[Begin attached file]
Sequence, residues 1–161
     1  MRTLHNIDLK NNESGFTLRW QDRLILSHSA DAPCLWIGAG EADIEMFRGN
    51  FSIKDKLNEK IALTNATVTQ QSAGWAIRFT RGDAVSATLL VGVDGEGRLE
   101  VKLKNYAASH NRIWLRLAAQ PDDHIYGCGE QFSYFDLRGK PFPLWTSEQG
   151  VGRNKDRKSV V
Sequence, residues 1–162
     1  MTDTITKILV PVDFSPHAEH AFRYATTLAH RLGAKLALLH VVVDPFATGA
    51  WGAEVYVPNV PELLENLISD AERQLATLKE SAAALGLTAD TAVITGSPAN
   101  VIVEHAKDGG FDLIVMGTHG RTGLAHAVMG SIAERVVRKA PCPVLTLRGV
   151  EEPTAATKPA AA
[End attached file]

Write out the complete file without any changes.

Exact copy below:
Sequence, residues 1–161
     1  MRTLHNIDLK NNESGFTLRW QDRLILSHSA DAPCLWIGAG EADIEMFRGN
    51  FSIKDKLNEK IALTNATVTQ QSAGWAIRFT RGDAVSATLL VGVDGEGRLE
   101  VKLKNYAASH NRIWLRLAAQ PDDHIYGCGE QFSYFDLRGK PFPLWTSEQG
   151  VGRNKDRKSV V
Sequence, residues 1–162
     1  MTDTITKILV PVDFSPHAEH AFRYATTLAH RLGAKLALLH VVVDPFATGA
    51  WGAEVYVPNV PELLENLISD AERQLATLKE SAAALGLTAD TAVITGSPAN
   101  VIVEHAKDGG FDLIVMGTHG RTGLAHAVMG SIAERVVRKA PCPVLTLRGV
   151  EEPTAATKPA AA